The Artist

The movie simply takes us to the silent era of the Movie world in a great way of presentation. So when it comes to Silent Cinema every thing you got to express in every possible way. So its purely performance oriented depend’s on the Artists. So every one have to react or overwhelm something to express.. so it was a wonderful creative job. I thank this movie so that i came to know the significance  of the classics and the way they worked it out.

  • Coming to the movie “The Artist” I am impressed by the by the Hero who performed as A King of Scilent Movies.. no words to express his perfomance.. Jean Dujardin (won Oscar for 2011 Best Actor )
  • Lady leading Bérénice Bejo pair of this movie also had made a good performance not less than her leading Hero.  The Dance part was excellent.  Every one had given their best out of so much hard work.
  • The Movie deserve’s a very good platform of  a love story in a subtle manner. A good thought of using the silent cinema and they succeed. Congrats to The Artist and Michel Hazanavicius the Director and Writer.

Oscars 2012: The Artist’s win is a glorious fluke.. I also Agree with this..

Here i got some interesting Triva from IMDB.

  • The movie was shot in the 1.33:1 “Academy ratio,” just as in silent-film days, since director-writer Michel Hazanavicius considered it ‘perfect for actors’ because it gives them ‘a presence, a power, a strength. They occupy all the space of the screen.’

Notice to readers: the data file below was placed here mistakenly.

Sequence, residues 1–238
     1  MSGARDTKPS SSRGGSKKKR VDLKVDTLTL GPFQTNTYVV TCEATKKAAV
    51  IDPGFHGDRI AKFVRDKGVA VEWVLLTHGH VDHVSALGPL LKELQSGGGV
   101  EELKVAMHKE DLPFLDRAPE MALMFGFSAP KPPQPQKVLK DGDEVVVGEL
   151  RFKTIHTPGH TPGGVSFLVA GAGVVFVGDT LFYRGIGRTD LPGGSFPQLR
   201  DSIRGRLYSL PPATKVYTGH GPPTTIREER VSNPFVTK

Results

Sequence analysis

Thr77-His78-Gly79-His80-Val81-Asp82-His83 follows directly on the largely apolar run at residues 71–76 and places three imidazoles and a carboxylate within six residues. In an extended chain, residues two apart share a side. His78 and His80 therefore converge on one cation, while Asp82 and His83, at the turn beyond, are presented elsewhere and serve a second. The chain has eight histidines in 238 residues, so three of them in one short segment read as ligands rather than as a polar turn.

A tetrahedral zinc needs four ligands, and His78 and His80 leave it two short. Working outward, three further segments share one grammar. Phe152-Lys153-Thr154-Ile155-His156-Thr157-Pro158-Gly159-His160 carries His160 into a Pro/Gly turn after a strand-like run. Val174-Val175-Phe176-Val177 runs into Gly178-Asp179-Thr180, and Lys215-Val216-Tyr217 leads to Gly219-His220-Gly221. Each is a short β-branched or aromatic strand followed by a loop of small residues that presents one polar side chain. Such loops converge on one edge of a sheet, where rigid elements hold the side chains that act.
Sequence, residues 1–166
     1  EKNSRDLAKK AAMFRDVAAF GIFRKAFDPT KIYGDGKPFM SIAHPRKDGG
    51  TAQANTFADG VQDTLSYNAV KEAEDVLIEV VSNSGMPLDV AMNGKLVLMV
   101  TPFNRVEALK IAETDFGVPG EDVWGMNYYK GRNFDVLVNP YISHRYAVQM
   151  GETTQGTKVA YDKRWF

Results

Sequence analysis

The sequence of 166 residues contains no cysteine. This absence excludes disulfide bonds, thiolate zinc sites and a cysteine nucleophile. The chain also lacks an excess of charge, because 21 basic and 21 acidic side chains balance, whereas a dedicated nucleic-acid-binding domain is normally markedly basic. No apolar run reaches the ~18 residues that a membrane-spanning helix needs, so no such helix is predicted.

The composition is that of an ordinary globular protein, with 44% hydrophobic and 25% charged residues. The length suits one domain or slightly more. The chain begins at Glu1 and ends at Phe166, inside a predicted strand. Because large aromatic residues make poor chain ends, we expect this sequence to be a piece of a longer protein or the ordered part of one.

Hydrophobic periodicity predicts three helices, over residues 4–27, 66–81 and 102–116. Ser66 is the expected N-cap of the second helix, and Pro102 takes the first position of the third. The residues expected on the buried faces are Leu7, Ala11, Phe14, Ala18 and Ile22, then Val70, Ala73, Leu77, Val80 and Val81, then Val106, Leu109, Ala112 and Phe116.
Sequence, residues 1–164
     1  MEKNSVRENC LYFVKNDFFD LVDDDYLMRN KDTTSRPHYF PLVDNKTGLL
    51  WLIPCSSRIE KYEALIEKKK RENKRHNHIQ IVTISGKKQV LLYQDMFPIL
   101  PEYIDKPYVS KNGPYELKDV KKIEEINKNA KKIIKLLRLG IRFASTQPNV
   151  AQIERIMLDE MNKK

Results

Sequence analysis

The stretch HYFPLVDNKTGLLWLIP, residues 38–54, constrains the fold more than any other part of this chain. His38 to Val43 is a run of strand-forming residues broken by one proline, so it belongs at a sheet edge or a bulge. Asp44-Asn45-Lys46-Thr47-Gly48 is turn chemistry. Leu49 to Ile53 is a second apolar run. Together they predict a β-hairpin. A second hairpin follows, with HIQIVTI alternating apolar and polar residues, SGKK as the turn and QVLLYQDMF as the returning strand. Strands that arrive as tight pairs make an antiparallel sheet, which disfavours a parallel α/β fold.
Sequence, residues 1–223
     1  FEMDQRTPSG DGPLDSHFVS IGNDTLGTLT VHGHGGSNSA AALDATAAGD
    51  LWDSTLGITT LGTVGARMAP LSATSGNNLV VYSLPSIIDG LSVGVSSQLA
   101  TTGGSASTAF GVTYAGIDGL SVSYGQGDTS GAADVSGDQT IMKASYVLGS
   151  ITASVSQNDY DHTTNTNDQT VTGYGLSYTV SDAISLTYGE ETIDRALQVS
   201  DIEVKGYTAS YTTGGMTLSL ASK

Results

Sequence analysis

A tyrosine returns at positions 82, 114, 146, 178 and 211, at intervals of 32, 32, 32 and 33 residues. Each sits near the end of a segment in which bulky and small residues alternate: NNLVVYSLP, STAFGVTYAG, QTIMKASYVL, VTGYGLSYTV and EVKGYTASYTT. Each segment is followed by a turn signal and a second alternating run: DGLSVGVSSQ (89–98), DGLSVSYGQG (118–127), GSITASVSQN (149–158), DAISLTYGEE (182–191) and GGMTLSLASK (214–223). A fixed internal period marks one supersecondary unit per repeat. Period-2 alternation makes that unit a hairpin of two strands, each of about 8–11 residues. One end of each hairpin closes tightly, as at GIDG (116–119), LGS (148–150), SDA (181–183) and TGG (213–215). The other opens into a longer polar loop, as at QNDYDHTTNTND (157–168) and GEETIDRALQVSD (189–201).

• There is not a single ‘zoom shot’ in the entire movie because Zoom technology did not exist in the movie’s time period.
  • On BAFTA 2012 Red Carpet, Jean Dujardin said in an interview that the movie was shot in just 35 days.
  • The role of Jack the dog was actually played by three matching Jack Russell Terriers: Uggie; Dash; and Dude, although The lead dog Uggie did the majority of scenes. All three dogs were colored before the filming began, made to look more alike.
  • Jean Dujardin and Bérénice Bejo rehearsed the climactic dance sequence for five months, practicing almost every day in the same studio that Debbie Reynolds and Gene Kelly used to rehearse for Singin’ in the Rain. “It was really hard,” remembers Bejo, “and even now when I look at the movie I can’t believe how fast we’re doing it. Sometimes it’s like my feet still hurt.”